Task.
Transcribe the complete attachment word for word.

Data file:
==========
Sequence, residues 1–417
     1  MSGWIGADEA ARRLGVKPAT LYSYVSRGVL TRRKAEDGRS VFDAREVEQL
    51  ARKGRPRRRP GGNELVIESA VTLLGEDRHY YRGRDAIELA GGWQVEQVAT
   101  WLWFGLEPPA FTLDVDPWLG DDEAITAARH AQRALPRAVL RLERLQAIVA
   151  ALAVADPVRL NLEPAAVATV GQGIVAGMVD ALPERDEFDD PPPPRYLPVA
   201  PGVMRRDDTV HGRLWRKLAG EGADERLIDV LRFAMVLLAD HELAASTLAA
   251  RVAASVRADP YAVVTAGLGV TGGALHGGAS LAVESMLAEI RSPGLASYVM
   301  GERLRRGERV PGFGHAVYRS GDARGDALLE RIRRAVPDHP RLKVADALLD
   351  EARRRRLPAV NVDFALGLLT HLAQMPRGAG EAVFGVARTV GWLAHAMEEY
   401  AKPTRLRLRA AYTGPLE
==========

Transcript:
Sequence, residues 1–417
     1  MSGWIGADEA ARRLGVKPAT LYSYVSRGVL TRRKAEDGRS VFDAREVEQL
    51  ARKGRPRRRP GGNELVIESA VTLLGEDRHY YRGRDAIELA GGWQVEQVAT
   101  WLWFGLEPPA FTLDVDPWLG DDEAITAARH AQRALPRAVL RLERLQAIVA
   151  ALAVADPVRL NLEPAAVATV GQGIVAGMVD ALPERDEFDD PPPPRYLPVA
   201  PGVMRRDDTV HGRLWRKLAG EGADERLIDV LRFAMVLLAD HELAASTLAA
   251  RVAASVRADP YAVVTAGLGV TGGALHGGAS LAVESMLAEI RSPGLASYVM
   301  GERLRRGERV PGFGHAVYRS GDARGDALLE RIRRAVPDHP RLKVADALLD
   351  EARRRRLPAV NVDFALGLLT HLAQMPRGAG EAVFGVARTV GWLAHAMEEY
   401  AKPTRLRLRA AYTGPLE